Coach Stacy Clark before Toronto premiere of Amaluna. Photo by Ben Freedman

NOAH VANDERLAAN: Amaluna is one of the first productions by Cirque du Soleil that really forefronts the role of women in the circus. What drove that decision?

STACY CLARK: Traditionally there have been more male circus artists and male acrobats, not only in Cirque but globally, particularly at the level that we’re looking for. A classic example might be a flying trapeze number, where you have several hotshot male flyers and a couple of beautiful girls who do lower level skills and sort of add a little bit of beauty and flare to the number, but they’re not necessarily delivering acrobatic caliber.

The intent behind Amaluna was to really turn the tables and try to pay tribute to the strength and skill of women, all of that of course put into the context of storytelling.

NV: Does this production possess the inherent potential to be a real game changer, in terms of equity, both for Cirque du Soleil and for circus troupes worldwide?

SC: Coming from a casting perspective, I regularly see certain disciplines as a breeding ground for more women than men or vice versa. What I think we’ve managed to do here is transcend the discipline and simply showcase powerful women with enormous talent, and that’s not just the acrobats, it extends to the musicians. It’s the first time we’ve had an all female band and they are rocking out with a power and aggression that is really noted by the public. People are responding to these talented four gals and their driving rock n’ roll sound. It’s again, another push in that direction.

NV: Are there particular segments of acrobatic choreography which you feel stand out?

SC: I’m a little biased, obviously, but I could probably highlight just about every act in the show. It was a very deliberate choice from the creative team to bring in the kinds of acts that we have, in order to showcase diversity and contrast, to find a great rhythm to the show so that we have the big acrobatic WOW and the more sublime still and enchanting numbers. For example the balance goddess takes you to a different place all together than the male teeter board number, which is all POW POW POW action acrobatics.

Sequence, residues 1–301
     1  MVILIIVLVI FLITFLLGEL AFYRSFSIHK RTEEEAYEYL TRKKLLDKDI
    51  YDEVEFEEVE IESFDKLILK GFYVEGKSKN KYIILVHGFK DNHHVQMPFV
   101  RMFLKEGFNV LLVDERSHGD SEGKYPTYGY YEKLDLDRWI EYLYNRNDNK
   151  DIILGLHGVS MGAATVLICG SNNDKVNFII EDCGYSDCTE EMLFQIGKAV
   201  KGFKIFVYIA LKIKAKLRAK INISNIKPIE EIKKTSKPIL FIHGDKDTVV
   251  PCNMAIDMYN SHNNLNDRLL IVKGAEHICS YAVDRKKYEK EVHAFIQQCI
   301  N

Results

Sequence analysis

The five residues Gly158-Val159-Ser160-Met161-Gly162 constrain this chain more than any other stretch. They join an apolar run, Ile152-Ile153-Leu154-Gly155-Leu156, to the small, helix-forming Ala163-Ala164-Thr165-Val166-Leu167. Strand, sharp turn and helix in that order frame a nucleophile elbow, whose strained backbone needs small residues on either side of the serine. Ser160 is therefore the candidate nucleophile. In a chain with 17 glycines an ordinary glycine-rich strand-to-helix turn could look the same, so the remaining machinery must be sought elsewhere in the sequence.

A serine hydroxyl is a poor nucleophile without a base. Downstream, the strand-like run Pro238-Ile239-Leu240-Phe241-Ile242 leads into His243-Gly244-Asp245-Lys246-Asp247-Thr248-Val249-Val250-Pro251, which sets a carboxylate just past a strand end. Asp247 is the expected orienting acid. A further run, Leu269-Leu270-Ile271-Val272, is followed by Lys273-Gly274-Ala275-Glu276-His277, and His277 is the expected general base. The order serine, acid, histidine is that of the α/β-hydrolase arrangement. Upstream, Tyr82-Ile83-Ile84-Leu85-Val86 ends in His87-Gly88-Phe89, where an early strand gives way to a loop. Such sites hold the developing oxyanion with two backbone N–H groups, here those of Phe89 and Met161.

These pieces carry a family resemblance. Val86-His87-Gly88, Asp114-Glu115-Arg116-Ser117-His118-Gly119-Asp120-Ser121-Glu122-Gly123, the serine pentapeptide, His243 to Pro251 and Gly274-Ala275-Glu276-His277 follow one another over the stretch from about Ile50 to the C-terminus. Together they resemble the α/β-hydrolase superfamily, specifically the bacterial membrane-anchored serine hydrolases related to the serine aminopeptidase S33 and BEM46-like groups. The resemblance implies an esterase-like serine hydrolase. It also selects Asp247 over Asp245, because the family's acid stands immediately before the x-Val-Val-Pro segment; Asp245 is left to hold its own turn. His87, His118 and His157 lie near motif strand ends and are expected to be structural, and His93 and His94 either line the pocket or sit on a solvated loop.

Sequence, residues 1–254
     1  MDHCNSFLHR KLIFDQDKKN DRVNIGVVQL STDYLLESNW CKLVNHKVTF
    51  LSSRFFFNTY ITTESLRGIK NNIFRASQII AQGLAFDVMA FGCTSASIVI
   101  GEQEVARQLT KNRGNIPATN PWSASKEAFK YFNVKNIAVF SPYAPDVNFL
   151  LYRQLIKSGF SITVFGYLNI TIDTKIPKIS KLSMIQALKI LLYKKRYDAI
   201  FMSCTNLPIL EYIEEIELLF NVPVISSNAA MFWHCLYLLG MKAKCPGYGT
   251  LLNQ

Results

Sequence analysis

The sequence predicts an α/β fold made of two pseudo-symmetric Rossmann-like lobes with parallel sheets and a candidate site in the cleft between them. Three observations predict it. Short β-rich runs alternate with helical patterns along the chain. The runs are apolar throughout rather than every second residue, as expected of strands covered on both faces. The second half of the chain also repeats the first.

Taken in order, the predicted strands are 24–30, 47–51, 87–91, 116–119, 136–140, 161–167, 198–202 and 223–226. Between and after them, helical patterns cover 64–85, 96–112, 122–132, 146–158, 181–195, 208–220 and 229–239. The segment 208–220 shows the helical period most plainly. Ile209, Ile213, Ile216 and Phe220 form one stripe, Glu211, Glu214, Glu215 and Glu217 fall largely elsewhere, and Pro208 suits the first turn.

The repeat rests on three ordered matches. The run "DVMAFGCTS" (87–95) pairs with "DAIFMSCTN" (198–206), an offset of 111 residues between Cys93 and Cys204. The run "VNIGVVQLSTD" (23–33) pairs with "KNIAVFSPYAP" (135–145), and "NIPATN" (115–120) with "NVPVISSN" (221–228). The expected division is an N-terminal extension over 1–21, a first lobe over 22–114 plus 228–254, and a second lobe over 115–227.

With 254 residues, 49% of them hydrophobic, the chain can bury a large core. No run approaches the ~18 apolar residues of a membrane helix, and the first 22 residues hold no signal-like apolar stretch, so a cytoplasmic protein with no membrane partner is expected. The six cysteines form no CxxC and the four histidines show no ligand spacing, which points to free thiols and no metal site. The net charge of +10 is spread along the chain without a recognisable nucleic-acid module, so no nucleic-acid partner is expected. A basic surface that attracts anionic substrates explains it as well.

That said, the uneven bars act, performed by fiery Amazons, presents the strength and power of Amaluna. What we’ve done is taken a traditional Olympic discipline and put a Cirque du Soleil spin on it, creating new combinations and skills that aren’t done due to the confines of sport. Add in strong character development and choreography and the act transcends gymnastics and becomes circus.

Backstage at Cirque du Soleil’s Amaluna. Photo by Ben Freedman

NV: I’m super stoked to check out this play.

SC: I think it’s interesting that you call it a play. That’s nice, it’s an element that the director is striving for, to bring a more theatrical bend to the presentation of what circus is traditionally know for, which is high level acrobatics. It’s kind of nice to have the reflection that maybe Amaluna presents a little more than what people have seen before.

NV: It does seem like a hybrid, and without giving much away incorporates Greek and Roman character references, and Shakespearian plot elements. What’s next, for the show and for you personally?

SC: We are here for 2 months before moving to Vancouver. For me personally, I’ve really enjoyed the transition from casting to coaching, and it’s still so new that I’ve got little ways to go yet. My perspective on the touring life is that it’s city by city; every city brings with it a whole new set of experiences and challenges.

NV: Any words of inspiration for someone who is looking to break into the circus community?

SC: Yes: follow your bliss. It’s really important to set your sights on what it is that you love the most. There’s no greater privilege than going to work every day in an environment that you love, surrounded by people that you want to be with. When you love your job it’s no longer a job in the traditional sense. For our artists, being and working here has been a dream of theirs for a very long time. To go back to my casting perspective a bit, Cirque du Soleil is absolutely accessible and available as a terrific career option, it’s a very special and unique organization and you just have to go for it.  It takes a lot of work. This is not easy, and everybody here works really really hard, but the privilege of being on stage and sharing what you love with the public is insurmountable.

Amaluna Runs from Sep 6  to Nov 4. $58.50-$158.50, stu/srs/child from $43.50. Grand Chapiteau Tent, Port Lands, Commissioners at Cherry.